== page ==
The RCMP said Tuesday they have located a pickup truck they believe was involved in a hit and run in Red Deer last month that left a 38-year-old pedestrian dead.
“Red Deer RCMP obtained a judicially authorized search warrant and seized a truck that we believe, at this point in the investigation, may be the suspect truck in the fatal hit and run on March 11,” Sgt. Kevin Halwa with the Red Deer RCMP’s traffic unit, said in a news release. “The RCMP forensic identification team is continuing the forensic work that will determine whether or not it is, in fact, the truck we’re looking for.
“This has been a lengthy, detailed investigation requiring a lot of legwork from a number of specialized RCMP teams, and we’re grateful for the tremendous community support we’ve received. We hope to have more information on the progress of this investigation soon.”
According to police, a 38-year-old man was standing by a parked vehicle in the 5200 block of 76 Street at about 8:45 p.m. on March 11, when he was struck. He was treated at the scene before being taken to hospital where he was later pronounced dead.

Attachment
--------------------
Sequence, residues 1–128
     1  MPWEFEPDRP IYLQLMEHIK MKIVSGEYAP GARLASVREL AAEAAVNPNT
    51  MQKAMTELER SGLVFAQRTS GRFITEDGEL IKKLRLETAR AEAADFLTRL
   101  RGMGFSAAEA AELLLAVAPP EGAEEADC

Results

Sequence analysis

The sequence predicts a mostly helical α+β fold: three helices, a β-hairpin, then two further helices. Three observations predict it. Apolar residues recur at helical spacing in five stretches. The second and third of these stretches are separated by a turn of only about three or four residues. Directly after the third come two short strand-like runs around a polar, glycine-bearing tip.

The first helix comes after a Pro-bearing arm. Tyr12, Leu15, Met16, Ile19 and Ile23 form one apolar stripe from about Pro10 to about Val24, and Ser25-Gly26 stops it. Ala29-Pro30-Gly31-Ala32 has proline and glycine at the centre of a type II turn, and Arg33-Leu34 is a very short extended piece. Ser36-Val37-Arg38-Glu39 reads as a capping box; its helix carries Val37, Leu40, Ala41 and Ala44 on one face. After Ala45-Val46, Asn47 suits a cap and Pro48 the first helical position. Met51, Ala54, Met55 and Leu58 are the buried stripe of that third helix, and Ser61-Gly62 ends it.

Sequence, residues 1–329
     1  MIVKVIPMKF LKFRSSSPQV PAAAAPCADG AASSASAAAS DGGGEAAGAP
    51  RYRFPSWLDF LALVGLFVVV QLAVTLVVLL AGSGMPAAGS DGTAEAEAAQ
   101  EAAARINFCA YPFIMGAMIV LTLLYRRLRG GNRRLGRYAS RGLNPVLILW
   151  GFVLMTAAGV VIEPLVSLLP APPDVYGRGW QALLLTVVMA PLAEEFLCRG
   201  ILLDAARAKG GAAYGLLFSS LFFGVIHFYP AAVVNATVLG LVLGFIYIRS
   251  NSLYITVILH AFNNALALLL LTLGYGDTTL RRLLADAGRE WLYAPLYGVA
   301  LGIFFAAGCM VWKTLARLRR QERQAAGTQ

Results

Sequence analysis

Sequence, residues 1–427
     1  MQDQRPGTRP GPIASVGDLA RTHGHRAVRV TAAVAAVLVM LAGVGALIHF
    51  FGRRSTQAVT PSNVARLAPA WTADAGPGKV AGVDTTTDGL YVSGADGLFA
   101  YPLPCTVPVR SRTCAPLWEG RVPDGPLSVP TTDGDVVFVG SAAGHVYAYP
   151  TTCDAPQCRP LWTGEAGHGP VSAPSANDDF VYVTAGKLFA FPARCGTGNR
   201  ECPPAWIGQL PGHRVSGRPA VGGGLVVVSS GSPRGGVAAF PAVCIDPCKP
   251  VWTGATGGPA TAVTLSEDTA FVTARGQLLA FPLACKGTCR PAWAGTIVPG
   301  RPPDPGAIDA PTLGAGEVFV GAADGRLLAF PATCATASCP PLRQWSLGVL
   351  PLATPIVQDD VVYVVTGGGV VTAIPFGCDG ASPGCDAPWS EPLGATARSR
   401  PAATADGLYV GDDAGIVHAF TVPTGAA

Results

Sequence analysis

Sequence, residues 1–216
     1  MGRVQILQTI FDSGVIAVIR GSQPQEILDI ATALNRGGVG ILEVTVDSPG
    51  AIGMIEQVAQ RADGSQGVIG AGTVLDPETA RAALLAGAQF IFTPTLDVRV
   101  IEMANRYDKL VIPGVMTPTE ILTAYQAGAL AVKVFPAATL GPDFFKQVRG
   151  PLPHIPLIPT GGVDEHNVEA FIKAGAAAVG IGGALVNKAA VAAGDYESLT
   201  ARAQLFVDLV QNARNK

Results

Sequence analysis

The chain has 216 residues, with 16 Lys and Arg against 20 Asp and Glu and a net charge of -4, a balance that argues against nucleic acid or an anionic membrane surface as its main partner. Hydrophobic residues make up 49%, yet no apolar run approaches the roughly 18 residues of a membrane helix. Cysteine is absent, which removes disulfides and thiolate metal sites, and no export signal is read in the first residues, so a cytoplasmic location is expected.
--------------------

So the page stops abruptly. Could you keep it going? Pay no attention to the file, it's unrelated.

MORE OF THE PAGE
READ MORE: Pedestrian killed in Red Deer hit and run
The man was not in the traffic lane when it happened, police said at the time.
Police had asked the public to help them look for an older model red truck, believed to be a late 1970s or early 1980s GMC or Chevrolet, with a 4X4 decal on the box. They said it had amber lights on the roof and a homemade or custom built wooden flatbed on that back that was painted black. The truck was missing the passenger side mirror as a result of the collision.
Police weren’t able to get a description of the driver but asked area residents and businesses in the area to check and see if they got any surveillance video of what happened.
The RCMP said it will issue another update as soon as more information becomes available, and continues to ask anyone who might have information about the incident or the suspect vehicle or its driver to call the Red Deer RCMP complaint line at 403-343-5575.
-With files from The Canadian Press